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Fix-Filter-Fix: Intuitively Connect Any Models for Effective Bug Fixing
Haiwen Hong | Jingfeng Zhang | Yin Zhang | Yao Wan | Yulei Sui
Proceedings of the 2021 Conference on Empirical Methods in Natural Language Processing

Locating and fixing bugs is a time-consuming task. Most neural machine translation (NMT) based approaches for automatically bug fixing lack generality and do not make full use of the rich information in the source code. In NMT-based bug fixing, we find some predicted code identical to the input buggy code (called unchanged fix) in NMT-based approaches due to high similarity between buggy and fixed code (e.g., the difference may only appear in one particular line). Obviously, unchanged fix is not the correct fix because it is the same as the buggy code that needs to be fixed. Based on these, we propose an intuitive yet effective general framework (called Fix-Filter-Fix or Fˆ3) for bug fixing. Fˆ3 connects models with our filter mechanism to filter out the last model’s unchanged fix to the next. We propose an Fˆ3 theory that can quantitatively and accurately calculate the Fˆ3 lifting effect. To evaluate, we implement the Seq2Seq Transformer (ST) and the AST2Seq Transformer (AT) to form some basic Fˆ3 instances, called Fˆ3_ST+AT and Fˆ3_AT+ST. Comparing them with single model approaches and many model connection baselines across four datasets validates the effectiveness and generality of Fˆ3 and corroborates our findings and methodology.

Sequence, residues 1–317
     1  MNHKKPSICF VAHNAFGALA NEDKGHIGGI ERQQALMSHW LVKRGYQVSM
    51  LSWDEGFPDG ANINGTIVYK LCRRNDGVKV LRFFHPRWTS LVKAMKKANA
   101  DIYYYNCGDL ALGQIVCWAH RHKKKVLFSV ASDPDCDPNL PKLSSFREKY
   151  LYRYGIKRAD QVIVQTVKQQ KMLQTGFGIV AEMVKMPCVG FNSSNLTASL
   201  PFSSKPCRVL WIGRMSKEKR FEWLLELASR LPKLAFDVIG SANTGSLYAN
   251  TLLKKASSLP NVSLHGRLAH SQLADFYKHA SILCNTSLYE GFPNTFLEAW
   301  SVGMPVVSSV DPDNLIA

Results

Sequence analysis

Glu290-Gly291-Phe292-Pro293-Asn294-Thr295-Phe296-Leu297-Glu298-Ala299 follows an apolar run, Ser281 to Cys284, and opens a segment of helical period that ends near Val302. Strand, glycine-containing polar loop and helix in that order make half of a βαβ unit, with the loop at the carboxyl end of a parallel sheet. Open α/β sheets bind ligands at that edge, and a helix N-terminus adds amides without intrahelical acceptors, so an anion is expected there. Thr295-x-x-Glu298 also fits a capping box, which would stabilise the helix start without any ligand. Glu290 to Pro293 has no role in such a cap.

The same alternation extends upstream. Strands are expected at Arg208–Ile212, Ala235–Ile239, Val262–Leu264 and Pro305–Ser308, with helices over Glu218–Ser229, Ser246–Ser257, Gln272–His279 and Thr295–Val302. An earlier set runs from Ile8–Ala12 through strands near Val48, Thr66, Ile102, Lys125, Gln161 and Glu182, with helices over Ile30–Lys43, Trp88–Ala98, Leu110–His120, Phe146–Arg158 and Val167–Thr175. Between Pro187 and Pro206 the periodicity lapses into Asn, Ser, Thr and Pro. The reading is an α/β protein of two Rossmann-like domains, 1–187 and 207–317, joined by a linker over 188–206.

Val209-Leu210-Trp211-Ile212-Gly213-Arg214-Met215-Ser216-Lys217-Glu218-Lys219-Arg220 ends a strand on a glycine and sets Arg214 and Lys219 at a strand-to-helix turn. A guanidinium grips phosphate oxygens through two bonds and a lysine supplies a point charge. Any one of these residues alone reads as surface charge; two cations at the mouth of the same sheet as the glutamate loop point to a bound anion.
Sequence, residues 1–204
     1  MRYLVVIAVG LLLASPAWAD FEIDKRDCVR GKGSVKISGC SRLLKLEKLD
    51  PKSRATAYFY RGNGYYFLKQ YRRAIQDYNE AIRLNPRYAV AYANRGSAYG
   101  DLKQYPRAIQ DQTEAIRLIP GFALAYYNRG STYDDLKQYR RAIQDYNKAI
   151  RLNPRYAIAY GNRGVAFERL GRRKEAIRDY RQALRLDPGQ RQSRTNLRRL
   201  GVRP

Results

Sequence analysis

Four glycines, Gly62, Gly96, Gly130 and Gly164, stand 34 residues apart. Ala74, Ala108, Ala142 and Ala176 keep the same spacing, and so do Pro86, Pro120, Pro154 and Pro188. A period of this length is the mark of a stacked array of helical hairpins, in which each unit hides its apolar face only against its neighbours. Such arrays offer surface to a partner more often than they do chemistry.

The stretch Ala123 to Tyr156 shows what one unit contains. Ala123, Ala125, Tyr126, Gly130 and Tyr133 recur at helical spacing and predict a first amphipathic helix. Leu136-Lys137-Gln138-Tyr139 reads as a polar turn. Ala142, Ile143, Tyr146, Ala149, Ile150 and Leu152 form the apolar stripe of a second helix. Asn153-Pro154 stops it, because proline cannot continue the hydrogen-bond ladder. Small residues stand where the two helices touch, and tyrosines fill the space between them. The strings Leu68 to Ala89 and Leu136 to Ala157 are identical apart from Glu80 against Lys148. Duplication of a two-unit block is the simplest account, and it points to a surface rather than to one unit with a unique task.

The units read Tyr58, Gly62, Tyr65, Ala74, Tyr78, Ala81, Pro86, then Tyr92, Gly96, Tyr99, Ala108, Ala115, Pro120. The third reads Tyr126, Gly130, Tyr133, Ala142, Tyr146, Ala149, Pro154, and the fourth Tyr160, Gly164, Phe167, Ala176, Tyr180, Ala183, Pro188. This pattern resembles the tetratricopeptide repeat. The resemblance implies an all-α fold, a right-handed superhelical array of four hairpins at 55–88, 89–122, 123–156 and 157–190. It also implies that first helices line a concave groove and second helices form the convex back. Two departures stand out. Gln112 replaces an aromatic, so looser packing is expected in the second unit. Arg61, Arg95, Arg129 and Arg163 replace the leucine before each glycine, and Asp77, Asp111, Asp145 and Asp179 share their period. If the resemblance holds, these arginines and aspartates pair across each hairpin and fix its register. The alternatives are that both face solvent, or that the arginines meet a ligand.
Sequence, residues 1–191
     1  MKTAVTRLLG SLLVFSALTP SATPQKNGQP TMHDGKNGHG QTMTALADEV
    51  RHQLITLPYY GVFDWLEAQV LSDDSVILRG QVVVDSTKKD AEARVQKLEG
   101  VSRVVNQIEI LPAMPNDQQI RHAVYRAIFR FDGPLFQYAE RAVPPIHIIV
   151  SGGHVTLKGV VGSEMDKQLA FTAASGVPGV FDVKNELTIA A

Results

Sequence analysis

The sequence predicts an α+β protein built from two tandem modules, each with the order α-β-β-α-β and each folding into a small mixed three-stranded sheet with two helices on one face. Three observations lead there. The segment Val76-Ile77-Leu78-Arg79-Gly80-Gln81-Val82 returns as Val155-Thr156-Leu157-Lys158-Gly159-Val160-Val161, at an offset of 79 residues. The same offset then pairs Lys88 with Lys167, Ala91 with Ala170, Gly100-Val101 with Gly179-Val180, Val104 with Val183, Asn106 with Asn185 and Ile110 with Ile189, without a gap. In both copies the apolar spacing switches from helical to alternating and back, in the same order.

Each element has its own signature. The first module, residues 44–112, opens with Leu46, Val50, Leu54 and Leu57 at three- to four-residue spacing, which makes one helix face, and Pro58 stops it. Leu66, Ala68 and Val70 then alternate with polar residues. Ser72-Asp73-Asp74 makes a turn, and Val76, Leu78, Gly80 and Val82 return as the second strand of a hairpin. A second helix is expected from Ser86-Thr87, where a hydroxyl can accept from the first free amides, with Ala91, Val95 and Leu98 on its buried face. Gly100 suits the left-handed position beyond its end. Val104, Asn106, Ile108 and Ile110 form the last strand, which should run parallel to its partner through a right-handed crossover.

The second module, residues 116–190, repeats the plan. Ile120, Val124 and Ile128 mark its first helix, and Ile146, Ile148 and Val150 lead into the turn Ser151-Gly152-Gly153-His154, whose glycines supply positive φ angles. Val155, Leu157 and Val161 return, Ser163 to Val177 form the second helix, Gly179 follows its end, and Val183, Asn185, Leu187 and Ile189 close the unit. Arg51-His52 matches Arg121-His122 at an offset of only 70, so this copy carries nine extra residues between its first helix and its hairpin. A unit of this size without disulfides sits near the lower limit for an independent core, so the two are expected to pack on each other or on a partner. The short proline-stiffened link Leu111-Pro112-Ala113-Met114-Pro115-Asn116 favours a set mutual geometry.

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Discriminative Nearest Neighbor Few-Shot Intent Detection by Transferring Natural Language Inference
Jianguo Zhang | Kazuma Hashimoto | Wenhao Liu | Chien-Sheng Wu | Yao Wan | Philip Yu | Richard Socher | Caiming Xiong
Proceedings of the 2020 Conference on Empirical Methods in Natural Language Processing (EMNLP)

Intent detection is one of the core components of goal-oriented dialog systems, and detecting out-of-scope (OOS) intents is also a practically important skill. Few-shot learning is attracting much attention to mitigate data scarcity, but OOS detection becomes even more challenging. In this paper, we present a simple yet effective approach, discriminative nearest neighbor classification with deep self-attention. Unlike softmax classifiers, we leverage BERT-style pairwise encoding to train a binary classifier that estimates the best matched training example for a user input. We propose to boost the discriminative ability by transferring a natural language inference (NLI) model. Our extensive experiments on a large-scale multi-domain intent detection task show that our method achieves more stable and accurate in-domain and OOS detection accuracy than RoBERTa-based classifiers and embedding-based nearest neighbor approaches. More notably, the NLI transfer enables our 10-shot model to perform competitively with 50-shot or even full-shot classifiers, while we can keep the inference time constant by leveraging a faster embedding retrieval model.